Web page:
Project description:Verbal learning (VL) and fluency (VF) are prominent cognitive deficits in psychosis, of which the precise neuroanatomical contributions are not fully understood. We investigated the arcuate fasciculus (AF) and its associated cortical regions to identify structural abnormalities contributing to these verbal impairments in early stages of psychotic illness.Twenty-six individuals with recent-onset psychosis and 27 healthy controls underwent cognitive testing (MATRICS Consensus Cognitive Battery) and structural/diffusion-weighted MRI. Bilaterally, AF anisotropy and cortical thickness, surface area and volume of seven cortical regions were investigated in relation to VL and VF performance in both groups.Reduced right superior temporal gyrus surface area and volume related to better VF in controls. In psychosis, greater right pars opercularis volume and reduced left lateralization of this region related to better VL, while greater right long AF fractional anisotropy and right pars orbitalis volume related to better VF, these findings not present in controls. Psychosis had reduced right pars orbitalis thickness compared to controls.Anatomical substrates for normal processing of VL and VF appear altered in recent-onset psychosis. A possible aberrant role of the right hemisphere arcuate fasciculus and fronto-temporal cortical regions in psychosis may contribute to deficits in VL and VF.
Project description:In the military, explosive blasts are a significant cause of mild traumatic brain injuries (mTBIs). The symptoms associated with blast mTBIs causes significant economic burdens and a diminished quality of life for many service members. At present, the distinction of the injury mechanism (blast versus non-blast) may not influence TBI diagnosis. However, using noninvasive imaging, this study reveals significant distinctions between the blast and non-blast TBI mechanisms. A cortical whole-brain thickness analysis was performed using structural high-resolution T1-weighted MRI to identify the effects of blasts in persistent mTBI (pmTBI) subjects. A total of 41 blast pmTBI subjects were individually age- and gender-matched to 41 non-blast pmTBI subjects. Using FreeSurfer, cortical thickness was quantified for the blast group, relative to the non-blast group. Cortical thinning was identified within the blast mTBI group, in two clusters bilaterally. In the left hemisphere, the cluster overlapped with the lateral orbitofrontal, rostral middle frontal, medial orbitofrontal, superior frontal, rostral anterior cingulate and frontal pole cortices (p?<?0.02, two-tailed, size?=?1680?mm2). In the right hemisphere, the cluster overlapped with the lateral orbitofrontal, rostral middle frontal, medial orbitofrontal, pars orbitalis, pars triangularis and insula cortices (p?<?0.002, two-tailed, cluster size?=?2453?mm2). Self-report assessments suggest significant differences in the Post-Traumatic Stress Disorder Checklist-Civilian Version (p?<?0.05, Bonferroni-corrected) and the Neurobehavioral Symptom Inventory (p?<?0.01, uncorrected) between the blast and non-blast mTBI groups. These results suggest that blast may cause a unique injury pattern related to a reduction in cortical thickness within specific brain regions which could affect symptoms. No other study has found cortical thickness difference between blast and non-blast mTBI groups and further replication is needed to confirm these initial observations.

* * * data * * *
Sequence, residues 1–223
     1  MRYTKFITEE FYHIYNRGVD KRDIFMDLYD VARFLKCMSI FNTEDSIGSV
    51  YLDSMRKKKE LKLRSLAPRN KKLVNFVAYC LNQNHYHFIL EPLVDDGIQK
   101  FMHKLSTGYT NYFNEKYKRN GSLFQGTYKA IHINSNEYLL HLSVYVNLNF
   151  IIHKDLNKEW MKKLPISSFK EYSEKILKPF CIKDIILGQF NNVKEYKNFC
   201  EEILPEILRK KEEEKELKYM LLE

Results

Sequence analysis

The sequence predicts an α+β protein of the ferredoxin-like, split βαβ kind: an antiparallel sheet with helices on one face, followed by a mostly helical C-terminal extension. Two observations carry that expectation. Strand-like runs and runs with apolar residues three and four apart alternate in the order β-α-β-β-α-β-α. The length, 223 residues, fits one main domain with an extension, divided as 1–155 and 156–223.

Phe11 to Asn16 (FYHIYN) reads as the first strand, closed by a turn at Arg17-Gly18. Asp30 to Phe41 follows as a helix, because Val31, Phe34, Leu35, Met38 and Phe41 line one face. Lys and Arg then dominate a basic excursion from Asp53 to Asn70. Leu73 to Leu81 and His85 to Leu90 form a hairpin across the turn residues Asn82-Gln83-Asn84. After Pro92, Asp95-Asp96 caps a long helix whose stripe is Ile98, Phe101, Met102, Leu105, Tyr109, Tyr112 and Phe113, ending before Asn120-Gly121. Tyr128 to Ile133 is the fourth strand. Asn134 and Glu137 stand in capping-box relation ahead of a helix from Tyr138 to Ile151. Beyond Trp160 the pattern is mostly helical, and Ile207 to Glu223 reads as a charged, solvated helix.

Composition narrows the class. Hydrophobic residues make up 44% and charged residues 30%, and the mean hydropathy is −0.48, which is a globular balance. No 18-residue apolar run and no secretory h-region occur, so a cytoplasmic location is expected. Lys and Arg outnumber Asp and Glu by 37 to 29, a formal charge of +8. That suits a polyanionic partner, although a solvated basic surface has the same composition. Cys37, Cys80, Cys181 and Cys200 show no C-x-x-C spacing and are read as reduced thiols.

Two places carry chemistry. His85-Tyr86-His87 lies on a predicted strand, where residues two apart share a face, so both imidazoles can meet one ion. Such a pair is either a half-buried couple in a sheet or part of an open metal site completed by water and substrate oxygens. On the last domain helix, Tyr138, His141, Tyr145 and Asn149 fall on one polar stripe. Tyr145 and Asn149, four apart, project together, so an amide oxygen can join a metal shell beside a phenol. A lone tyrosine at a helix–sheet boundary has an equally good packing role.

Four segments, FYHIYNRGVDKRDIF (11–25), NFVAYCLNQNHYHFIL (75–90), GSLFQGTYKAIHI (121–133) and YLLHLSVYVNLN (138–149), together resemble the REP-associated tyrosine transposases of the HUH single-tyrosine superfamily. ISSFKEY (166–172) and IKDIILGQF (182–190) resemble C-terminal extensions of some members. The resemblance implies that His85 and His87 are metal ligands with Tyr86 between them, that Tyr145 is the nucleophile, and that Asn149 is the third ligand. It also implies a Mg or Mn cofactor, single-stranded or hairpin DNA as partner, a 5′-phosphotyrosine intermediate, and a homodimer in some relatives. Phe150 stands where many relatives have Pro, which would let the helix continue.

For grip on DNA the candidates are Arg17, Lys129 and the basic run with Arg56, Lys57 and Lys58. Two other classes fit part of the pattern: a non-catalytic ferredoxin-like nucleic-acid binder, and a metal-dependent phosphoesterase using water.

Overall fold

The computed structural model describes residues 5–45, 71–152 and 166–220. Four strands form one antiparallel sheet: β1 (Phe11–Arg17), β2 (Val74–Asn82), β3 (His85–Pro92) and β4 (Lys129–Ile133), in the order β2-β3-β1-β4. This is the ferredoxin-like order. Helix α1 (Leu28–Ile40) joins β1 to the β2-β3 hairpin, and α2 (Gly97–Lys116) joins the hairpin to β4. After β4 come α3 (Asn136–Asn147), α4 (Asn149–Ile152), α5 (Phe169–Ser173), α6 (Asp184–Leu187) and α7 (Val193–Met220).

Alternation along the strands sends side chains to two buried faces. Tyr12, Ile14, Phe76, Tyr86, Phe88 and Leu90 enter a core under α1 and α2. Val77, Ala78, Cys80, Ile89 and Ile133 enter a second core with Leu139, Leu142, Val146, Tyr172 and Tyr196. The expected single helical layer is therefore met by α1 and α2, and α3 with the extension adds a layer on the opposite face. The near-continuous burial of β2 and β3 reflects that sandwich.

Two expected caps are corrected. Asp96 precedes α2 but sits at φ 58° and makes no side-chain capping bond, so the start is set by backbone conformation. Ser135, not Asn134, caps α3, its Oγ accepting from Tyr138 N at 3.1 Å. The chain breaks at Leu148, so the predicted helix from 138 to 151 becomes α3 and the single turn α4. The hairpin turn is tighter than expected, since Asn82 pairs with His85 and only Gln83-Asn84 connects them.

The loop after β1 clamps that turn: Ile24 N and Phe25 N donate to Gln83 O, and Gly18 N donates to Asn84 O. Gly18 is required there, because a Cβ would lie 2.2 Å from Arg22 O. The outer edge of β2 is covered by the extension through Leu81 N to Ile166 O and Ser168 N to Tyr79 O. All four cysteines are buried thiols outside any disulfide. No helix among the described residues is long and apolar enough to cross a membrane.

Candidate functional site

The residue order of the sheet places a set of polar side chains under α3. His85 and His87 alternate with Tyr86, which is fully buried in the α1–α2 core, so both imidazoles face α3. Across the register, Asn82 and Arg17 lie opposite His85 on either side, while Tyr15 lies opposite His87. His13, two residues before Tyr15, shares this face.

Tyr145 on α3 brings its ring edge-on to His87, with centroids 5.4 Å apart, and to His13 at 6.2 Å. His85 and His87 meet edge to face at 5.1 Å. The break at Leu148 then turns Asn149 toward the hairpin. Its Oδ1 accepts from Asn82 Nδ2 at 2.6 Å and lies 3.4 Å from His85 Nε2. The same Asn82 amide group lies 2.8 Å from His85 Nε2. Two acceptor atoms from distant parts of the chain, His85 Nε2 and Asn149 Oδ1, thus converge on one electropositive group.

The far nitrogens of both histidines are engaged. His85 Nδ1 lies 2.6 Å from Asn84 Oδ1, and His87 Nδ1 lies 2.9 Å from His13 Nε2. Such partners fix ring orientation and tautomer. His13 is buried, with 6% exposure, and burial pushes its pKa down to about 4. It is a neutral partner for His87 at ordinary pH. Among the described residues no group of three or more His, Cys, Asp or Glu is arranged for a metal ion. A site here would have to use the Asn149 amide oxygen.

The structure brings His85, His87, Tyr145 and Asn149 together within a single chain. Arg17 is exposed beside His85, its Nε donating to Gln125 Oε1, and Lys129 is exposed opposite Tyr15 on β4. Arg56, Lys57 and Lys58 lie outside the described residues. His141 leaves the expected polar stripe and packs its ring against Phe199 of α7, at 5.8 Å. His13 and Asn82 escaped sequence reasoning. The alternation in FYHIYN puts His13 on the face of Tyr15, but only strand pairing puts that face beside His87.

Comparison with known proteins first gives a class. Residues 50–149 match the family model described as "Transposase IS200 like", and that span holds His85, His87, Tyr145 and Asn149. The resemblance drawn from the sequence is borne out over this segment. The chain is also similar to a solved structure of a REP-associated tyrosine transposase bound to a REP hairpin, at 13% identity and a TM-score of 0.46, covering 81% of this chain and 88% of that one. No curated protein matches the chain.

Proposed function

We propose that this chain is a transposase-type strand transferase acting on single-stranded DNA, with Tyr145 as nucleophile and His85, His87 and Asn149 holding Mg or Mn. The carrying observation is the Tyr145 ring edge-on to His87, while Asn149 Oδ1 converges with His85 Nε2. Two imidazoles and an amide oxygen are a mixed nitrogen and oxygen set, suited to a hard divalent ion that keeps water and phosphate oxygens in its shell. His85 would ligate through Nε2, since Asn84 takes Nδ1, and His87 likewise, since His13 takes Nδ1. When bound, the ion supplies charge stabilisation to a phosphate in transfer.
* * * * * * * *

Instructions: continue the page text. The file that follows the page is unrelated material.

Project description:The unique neuroanatomical underpinnings of internalizing symptoms and impulsivity during childhood are not well understood. In this study, we examined associations of brain structure with anxiety, depression, and impulsivity in children and adolescents. Participants were 7- to 21-year-olds (N?=?328) from the Pediatric Imaging, Neurocognition, and Genetics (PING) study who completed high-resolution, 3-Tesla, T1-weighted MRI and self-report measures of anxiety, depression, and/or impulsivity. Cortical thickness and surface area were examined across cortical regions-of-interest (ROIs), and exploratory whole-brain analyses were also conducted. Gray matter volume (GMV) was examined in subcortical ROIs. When considered separately, higher depressive symptoms and impulsivity were each significantly associated with reduced cortical thickness in ventromedial PFC/medial OFC, but when considered simultaneously, only depressive symptoms remained significant. Higher impulsivity, but not depressive symptoms, was associated with reduced cortical thickness in the frontal pole, rostral middle frontal gyrus, and pars orbitalis. No differences were found for regional surface area. Higher depressive symptoms, but not impulsivity, were significantly associated with smaller hippocampal GMV and larger pallidal GMV. There were no significant associations between anxiety symptoms and brain structure. Depressive symptoms and impulsivity may be linked with cortical thinning in overlapping and distinct regions during childhood and adolescence.